Calcite | Level 5

## question on count and format

Hi,

Quick question on count and format

select xx_yy,

count(1) format = comma12. as aci_knt

From wkly_wxxx_fnl

1 ACCEPTED SOLUTION

Accepted Solutions
Diamond | Level 26

## Re: question on count and format

@soujik wrote:

what does the comma12.

is it put comma after 12 digits?

As I said, it adds commas properly to your number. I have never seen a number with a comma after 12 digits. Since two people have given you a link to the documentation for the COMMA format, you can also look at the examples there.

--
Paige Miller
5 REPLIES 5
Diamond | Level 26

## Re: question on count and format

Count(1) counts the number of records in column 1 (which is the variable named xx_yy), which is also the same as the number of records in the data set; and format displays the result using the COMMA. format (in other words, with appropriate commas).

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Paige Miller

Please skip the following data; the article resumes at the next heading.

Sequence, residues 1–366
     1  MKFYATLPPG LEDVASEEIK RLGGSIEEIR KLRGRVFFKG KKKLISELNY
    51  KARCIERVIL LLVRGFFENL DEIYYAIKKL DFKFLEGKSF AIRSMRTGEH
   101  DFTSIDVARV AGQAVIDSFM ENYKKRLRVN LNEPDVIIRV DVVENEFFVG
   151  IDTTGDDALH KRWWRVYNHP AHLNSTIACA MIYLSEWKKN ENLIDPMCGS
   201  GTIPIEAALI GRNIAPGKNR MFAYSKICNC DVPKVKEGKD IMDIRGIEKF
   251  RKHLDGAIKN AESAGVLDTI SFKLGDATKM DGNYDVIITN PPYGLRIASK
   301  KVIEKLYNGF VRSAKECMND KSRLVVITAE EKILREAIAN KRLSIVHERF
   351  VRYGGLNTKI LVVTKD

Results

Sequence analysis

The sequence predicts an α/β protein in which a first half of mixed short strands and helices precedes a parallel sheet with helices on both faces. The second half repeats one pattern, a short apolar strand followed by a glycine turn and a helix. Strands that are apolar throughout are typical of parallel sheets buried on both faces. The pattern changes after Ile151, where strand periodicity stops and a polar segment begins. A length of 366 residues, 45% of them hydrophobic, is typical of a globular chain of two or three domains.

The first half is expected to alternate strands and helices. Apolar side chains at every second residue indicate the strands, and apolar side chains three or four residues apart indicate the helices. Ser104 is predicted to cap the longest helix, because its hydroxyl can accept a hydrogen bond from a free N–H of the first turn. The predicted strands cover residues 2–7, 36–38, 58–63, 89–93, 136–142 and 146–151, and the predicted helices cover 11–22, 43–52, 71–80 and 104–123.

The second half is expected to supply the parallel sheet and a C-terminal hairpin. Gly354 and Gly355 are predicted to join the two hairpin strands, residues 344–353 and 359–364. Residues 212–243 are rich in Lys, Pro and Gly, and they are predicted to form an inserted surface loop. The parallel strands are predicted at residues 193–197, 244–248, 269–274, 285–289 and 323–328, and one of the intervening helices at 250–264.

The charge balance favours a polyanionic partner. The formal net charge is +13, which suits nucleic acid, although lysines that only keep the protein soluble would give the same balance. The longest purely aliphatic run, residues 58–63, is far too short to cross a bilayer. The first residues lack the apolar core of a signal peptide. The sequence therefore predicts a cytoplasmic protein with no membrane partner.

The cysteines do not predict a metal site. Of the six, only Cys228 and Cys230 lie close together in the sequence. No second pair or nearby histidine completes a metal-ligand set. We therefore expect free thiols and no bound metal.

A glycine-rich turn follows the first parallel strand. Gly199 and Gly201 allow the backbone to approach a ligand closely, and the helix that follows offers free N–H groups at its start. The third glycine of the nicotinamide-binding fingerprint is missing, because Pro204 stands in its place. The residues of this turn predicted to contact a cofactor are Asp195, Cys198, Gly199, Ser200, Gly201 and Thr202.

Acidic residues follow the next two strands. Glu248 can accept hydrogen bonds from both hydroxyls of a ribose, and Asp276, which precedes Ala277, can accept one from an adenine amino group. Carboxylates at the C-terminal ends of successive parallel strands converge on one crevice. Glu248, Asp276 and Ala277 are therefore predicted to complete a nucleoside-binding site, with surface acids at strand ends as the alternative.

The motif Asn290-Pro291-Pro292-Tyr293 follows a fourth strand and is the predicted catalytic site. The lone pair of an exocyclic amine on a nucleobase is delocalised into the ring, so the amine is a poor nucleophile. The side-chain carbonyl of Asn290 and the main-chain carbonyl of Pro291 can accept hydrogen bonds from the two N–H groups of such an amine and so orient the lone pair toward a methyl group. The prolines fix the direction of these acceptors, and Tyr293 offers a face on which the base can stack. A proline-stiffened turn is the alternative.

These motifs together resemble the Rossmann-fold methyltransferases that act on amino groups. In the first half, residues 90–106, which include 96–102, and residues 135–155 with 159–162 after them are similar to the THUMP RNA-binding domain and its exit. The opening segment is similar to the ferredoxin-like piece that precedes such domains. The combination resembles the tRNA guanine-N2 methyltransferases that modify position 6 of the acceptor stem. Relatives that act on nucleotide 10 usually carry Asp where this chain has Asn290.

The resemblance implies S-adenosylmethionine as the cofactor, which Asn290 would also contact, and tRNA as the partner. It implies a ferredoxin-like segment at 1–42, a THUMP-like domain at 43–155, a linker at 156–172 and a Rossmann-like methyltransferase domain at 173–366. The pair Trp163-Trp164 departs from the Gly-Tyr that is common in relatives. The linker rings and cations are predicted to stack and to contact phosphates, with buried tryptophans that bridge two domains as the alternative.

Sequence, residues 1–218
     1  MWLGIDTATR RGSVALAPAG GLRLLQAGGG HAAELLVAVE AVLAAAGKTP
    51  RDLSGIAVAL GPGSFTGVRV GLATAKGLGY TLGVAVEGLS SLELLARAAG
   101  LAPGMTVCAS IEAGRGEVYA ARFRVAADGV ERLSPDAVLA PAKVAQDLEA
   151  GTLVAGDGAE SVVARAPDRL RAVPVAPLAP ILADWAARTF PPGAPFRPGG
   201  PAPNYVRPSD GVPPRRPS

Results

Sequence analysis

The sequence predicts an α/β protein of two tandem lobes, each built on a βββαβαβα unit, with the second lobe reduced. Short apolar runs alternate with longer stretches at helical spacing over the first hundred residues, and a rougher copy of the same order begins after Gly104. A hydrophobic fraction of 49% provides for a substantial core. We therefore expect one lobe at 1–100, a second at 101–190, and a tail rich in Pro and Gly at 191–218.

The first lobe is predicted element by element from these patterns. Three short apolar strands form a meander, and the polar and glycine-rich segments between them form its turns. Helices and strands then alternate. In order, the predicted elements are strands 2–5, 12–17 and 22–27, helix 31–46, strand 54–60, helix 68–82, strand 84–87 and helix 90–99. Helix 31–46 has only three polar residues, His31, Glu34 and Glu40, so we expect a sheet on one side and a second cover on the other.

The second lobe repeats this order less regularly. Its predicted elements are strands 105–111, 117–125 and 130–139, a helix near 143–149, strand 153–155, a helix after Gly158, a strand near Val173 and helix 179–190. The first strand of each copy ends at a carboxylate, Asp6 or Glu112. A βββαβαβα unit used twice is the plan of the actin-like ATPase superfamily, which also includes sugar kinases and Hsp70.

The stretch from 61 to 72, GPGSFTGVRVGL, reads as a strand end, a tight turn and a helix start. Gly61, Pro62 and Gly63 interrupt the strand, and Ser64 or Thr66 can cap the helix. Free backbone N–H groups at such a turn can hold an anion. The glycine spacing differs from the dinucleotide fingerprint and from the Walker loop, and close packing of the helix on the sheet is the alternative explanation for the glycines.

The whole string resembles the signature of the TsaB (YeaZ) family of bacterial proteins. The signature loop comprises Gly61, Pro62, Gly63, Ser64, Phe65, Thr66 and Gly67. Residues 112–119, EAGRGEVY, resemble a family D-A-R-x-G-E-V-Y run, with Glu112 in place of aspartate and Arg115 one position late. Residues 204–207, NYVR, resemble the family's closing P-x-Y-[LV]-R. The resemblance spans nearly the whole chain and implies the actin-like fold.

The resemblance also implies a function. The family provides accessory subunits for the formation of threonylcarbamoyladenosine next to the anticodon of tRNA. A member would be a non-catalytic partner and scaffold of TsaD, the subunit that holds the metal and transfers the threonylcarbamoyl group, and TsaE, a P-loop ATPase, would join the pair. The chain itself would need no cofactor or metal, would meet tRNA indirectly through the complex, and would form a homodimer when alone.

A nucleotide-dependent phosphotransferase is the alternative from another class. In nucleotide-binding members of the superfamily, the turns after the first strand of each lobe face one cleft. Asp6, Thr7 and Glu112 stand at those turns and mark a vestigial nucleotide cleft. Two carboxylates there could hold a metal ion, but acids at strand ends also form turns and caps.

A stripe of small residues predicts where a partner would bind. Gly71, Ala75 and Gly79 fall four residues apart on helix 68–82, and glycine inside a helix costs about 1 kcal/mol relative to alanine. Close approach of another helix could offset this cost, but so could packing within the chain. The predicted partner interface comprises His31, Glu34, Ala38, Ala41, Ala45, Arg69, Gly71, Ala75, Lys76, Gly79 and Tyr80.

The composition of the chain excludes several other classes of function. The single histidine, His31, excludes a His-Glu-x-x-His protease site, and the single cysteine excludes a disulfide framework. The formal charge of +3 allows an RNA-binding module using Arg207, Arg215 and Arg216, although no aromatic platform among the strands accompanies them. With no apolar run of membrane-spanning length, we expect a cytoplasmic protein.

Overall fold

Calcite | Level 5

## Re: question on count and format

what does the comma12.

is it put comma after 12 digits?

Super User

## Re: question on count and format

You can follow Maxim 4 and simply try it.

Diamond | Level 26

## Re: question on count and format

@soujik wrote:

what does the comma12.

is it put comma after 12 digits?

As I said, it adds commas properly to your number. I have never seen a number with a comma after 12 digits. Since two people have given you a link to the documentation for the COMMA format, you can also look at the examples there.

--
Paige Miller
Super User

## Re: question on count and format

COUNT() counts the number of times is argument is not missing.  So COUNT(1) is the same thing as COUNT(*), it just counts the number of observations.

FORMAT= is used to attach a format to the variable.  The COMMA format is used to display number with a comma as the thousands separator.  12 is the width of the format, how many bytes it prints.  So COMMA12 will show numbers in the style of ,234,678,012 .  So use 12 is a little silly for positive numbers.  Either use COMMA11. if you expect numbers smaller than 1 billion or use something wider than 12 if you expect counts over 1 billion.

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